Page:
Ghosts of Green-Wood

Brooklyn’s sprawling, historic Green-Wood Cemetery has fast become one of my favorite places in the city. This cemetery-as-park serves as the last resting place for many of the city’s most famous figures, as well as a few of its most infamous. On a recent walking tour of the cemetery, I visited some of the most notorious scalawags and tragic figures.


Margaret Fox was one of the founding figures of Spiritualism, which became her passion after she discovered her two daughters, Kate and Maggie, could communicate with the dead. What began as a prank on their superstitious mother soon spiraled out of control, and before too long a religious movement had been born of the young girls’ ability to pull one over on their mom. Under the guidance of their older sister, Leah, the daughters toured the US, performing seances and making a bundle of cash while Spiritualism became the biggest trend in America. A Spiritualist colony was even founded in Cassadega, Florida. Later in life, one of the daughters went on a lecture tour explaining that the entire thing had been bullshit and demonstrating how they’d faked the seances. This pretty thorough debunking did little to stem the tide of Spiritualism though, and the belief continued to flourish even if its adherents turned their back on the sisters.


John Anderson was a wealthy tobacconist who was suspected of murdering a beautiful young woman, Mary Rogers, who had been hired to attract customers to Anderson’s store and who was found dead in the Hudson one terrible day. Rumor has it that Anderson cut a back room deal to avoid prosecution, though he later claimed to have been endlessly harassed by the murdered woman’s ghost. The entire thing was covered by a young writer named Edgar Allan poe, who eventually adapted the events into the story, “The Mystery of Marie Roget.”

James Noe was a wealthy industrialist who was beaten to death with his own monkey-handle cane by a thief and notable Five Points thug named Dandy Johnny Dolan when Noe interrupted Dolan in the midst of doing a bit o’ thievery on the morning of August 22, 1875. Dandy Johnny carried an eye gouger with him, and fearing the rumor that the last thing a person sees before dying would be imprinted on their eye, Dolan gouged out Noe’s eyes. He was later arrested because he’d been showing the eyes off to his buddies at a bar. He was hanged on April 21, 1876, at New York City’s Tombs Prison. Noe’s former home at 58 Morton Street eventually became the home of actor Elliot Gould, shortly after his divorce from Barbara Streisand. His neighbor at 60 Morton Street was John Belushi.

Emma Cunningham mercilessly pursued bachelor Dr. Harvey Burdell, even going so far as to buy the house he rented AND hire a Burdell lookalike to go down to city hall and fake a marriage. When Burdell was found butchered in his room, she was the primary suspect but managed to swindle her way out of a conviction. Burdell was eventually laid to rest in Green-Wood. Emma was later arrested when she was caught buying a newborn baby to pass off as the child and rightful heir of Burdell. For years, it was assumed she died in California, after police agreed not to prosecute her if she left town and never returned. But she did return, if only as a corpse, and was interred at Green-Wood after a cousin took pity on her and remarked, “I did not like her, but it seemed the least I could do.” So there she lies, much to Burdell’s presumed chagrin, pestering him even after death.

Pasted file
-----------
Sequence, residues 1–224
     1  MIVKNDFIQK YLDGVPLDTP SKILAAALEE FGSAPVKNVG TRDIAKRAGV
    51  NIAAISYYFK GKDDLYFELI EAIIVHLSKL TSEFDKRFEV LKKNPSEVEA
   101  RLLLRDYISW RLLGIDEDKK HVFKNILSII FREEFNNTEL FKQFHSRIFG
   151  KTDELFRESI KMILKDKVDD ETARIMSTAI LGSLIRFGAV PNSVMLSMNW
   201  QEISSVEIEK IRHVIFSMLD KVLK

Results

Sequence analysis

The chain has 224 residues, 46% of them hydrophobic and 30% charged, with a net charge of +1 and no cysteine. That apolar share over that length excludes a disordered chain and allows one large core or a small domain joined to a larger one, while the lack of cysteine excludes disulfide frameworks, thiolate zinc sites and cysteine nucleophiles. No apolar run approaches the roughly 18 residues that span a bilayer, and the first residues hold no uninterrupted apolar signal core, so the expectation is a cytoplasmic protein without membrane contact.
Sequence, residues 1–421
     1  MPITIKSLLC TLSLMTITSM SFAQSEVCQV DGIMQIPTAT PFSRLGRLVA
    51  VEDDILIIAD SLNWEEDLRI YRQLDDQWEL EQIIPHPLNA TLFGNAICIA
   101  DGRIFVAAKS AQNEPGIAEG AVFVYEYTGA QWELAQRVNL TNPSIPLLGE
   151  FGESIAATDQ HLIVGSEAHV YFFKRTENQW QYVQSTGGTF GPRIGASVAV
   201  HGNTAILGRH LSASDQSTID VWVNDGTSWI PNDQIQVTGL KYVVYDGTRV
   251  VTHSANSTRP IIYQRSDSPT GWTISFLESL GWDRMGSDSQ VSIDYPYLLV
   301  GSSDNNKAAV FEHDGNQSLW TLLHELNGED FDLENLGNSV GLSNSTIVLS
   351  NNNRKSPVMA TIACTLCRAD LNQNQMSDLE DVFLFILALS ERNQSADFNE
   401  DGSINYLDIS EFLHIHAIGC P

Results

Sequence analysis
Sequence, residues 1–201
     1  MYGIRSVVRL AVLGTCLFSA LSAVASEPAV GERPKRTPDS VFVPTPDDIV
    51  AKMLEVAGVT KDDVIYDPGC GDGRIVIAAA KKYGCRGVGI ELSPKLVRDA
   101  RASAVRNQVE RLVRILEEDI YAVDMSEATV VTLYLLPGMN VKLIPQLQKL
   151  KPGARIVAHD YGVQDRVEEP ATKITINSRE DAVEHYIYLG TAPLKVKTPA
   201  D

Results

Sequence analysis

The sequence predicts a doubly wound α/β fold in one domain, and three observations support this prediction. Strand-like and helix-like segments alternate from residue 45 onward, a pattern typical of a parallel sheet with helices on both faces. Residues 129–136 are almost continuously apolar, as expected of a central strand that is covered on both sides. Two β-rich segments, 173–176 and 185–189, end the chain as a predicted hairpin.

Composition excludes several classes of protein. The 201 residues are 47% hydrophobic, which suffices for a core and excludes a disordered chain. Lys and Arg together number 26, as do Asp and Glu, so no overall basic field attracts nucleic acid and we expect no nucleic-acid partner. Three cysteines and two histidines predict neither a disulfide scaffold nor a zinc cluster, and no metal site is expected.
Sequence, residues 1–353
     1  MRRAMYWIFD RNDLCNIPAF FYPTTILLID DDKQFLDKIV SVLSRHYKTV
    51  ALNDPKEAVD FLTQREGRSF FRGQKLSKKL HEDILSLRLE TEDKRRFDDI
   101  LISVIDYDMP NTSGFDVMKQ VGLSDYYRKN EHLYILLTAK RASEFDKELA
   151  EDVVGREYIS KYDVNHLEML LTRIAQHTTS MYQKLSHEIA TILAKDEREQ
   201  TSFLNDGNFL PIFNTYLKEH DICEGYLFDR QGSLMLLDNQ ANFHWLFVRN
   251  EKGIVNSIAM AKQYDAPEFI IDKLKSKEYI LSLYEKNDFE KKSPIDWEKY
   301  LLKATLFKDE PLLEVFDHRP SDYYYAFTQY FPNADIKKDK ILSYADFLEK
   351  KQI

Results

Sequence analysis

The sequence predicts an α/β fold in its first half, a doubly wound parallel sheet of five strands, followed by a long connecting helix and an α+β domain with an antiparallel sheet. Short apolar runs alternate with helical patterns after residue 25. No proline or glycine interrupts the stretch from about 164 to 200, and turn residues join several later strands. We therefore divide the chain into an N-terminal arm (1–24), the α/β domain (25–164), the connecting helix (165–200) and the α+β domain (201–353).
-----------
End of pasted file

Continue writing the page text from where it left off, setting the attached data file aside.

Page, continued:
John Torrio was a legendary Chicago gangster best known today as the man who mentored Al Capone (and is played on Boardwalk Empire by Greg Antonacci). “Papa Johnny” started out as a porter in a Manhattan hotel but quickly fell in with the notorious Five Points Gang, where rose through the ranks quickly. Eventually he moved to Chicago to kill some extortionists, and then later he became one of the city’s biggest operators of brothels, bootlegging, and numbers games. After he was nearly murdered himself, and subsequently spent a year in jail, Torrio decided to turn the reigns over to Capone, though Torrio himself wasn’t exactly finished in the underworld. He was the guy who pitched to a number of other major crime bosses the idea of a group of families who would consult one another and more or less govern most of the major crime in the United States. New York crime kingpin Lucky Luciano embraced and implemented the idea, giving birth to the National Crime Syndicate — or simply, The Mob.


Speaking of The Mob, Albert Anastasia was one of the New York underworld’s most ruthless killers. He killed his first man (or at least, that we know of) at the age of eighteen, and was convicted and sentenced to death. A technicality got him a new trial however, and by then four of the witnesses for the prosecution had mysteriously disappeared. Anastasia was a free man and soon became a major player in the crime syndicate headed by Lucky Luciano. Anastasia’s enduring contribution to the underworld was as the boss of Murder, Inc., one of the deadliest gangs of killers in the city. In the 1950s, Anastasia became the boss of the Gambino crime family, a bloody reign that ended when rival gunmen shot Anastasia dead while he was getting a haircut at the Park Central Hotel.

That’s hardly the end of Green-Wood’s offering of scoundrels, ghosts, killers, and kooks. From Boss Tweed to Bill the Butcher, poisoner Roland Molineux and “scoundrel mayor” Ferdinand Ward, Green-Wood has plenty of unsavory and tragic characters sleeping in its grounds. After all, there are over half a million permanent residents of the cemetery, and not all of them went to Heaven.